Opposition leaders accused the government and supporters of President Alvaro Uribe of seeking benefits for violators while failing to help their victims.
Meanwhile the Senate caucus backing Uribe defended an extension to the Justice and Peace Law on the grounds it would allow a “fair treatment to all demobilized.”
The Justice and Peace Law was implemented in 2002 by President Alvaro Uribe as an agreement between the Colombian government and the country’s armed groups.
Controversy has surrounded the law since its inception, causing polarization in the search for truth, justice and reparation for victims who have suffered at the hands of paramilitaries and guerrilla factions.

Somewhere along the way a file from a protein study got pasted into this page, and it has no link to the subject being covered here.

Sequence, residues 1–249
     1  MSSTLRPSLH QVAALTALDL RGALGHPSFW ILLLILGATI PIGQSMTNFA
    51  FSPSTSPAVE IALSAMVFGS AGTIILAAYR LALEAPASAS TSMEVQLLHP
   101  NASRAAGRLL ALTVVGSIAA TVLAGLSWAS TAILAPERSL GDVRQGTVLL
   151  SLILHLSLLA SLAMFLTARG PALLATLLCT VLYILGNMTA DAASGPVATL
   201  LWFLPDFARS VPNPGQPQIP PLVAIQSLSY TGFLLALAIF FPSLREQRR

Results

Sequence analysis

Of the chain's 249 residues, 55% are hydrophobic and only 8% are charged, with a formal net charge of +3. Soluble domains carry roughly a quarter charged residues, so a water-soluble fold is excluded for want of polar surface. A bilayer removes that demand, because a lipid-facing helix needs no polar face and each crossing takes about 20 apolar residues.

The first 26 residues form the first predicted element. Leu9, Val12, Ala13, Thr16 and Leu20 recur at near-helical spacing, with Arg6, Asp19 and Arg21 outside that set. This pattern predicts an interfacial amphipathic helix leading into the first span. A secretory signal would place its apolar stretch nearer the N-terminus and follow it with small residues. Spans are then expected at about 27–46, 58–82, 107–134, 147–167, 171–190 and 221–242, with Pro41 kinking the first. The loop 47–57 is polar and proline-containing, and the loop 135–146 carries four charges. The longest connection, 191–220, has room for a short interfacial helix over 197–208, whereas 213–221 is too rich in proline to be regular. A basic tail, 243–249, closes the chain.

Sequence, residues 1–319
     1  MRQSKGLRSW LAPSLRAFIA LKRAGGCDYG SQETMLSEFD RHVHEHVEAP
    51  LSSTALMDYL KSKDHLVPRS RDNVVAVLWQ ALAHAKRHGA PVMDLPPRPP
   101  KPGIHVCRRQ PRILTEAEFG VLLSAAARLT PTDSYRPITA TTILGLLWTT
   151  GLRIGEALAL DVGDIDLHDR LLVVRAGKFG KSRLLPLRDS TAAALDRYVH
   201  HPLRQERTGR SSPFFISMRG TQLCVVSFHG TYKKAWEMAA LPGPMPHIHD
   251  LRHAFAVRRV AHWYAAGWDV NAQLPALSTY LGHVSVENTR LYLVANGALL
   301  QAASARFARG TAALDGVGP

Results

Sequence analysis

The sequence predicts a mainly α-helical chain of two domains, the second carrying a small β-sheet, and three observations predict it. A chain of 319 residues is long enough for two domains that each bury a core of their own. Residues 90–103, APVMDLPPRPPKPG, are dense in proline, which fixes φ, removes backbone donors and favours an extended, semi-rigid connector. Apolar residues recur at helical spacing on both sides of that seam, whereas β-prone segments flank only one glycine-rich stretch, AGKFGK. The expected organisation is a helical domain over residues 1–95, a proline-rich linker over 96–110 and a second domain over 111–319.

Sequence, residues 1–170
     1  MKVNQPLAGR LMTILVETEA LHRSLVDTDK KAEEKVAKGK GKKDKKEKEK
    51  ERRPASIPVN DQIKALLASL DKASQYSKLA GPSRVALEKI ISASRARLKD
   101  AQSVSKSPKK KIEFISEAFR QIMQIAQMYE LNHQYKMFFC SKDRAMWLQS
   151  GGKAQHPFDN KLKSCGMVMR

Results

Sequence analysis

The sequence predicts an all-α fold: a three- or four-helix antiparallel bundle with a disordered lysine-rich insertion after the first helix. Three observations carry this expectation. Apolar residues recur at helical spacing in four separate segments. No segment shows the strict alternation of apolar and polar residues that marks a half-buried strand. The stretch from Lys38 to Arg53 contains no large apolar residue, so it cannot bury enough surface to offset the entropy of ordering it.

Supporters say there are 25,000 guerrillas and paramilitaries that are not included in the Act and must be given the same rights as another 27,000 who have benefited from the law. Others noted that thanks to Justice and Peace the authorities have discovered more than 2,500 mass graves that have brought reconciliation to the affected families.
Speaking against the bill, Sen. Gustavo Petro said this is an “immoral” extension of a series of privileges for “for the benefit of drug traffickers.”
According to him, “to give less jail time to violators” should only happen under a system that guarantees the truth and reparation for victims, “which so far is not happening.”
There was no vote Tuesday on the extension, which will continue Wednesday at the Plenary of the Senate. If approved it must pass a vote in the First Committee and the Plenary of the House.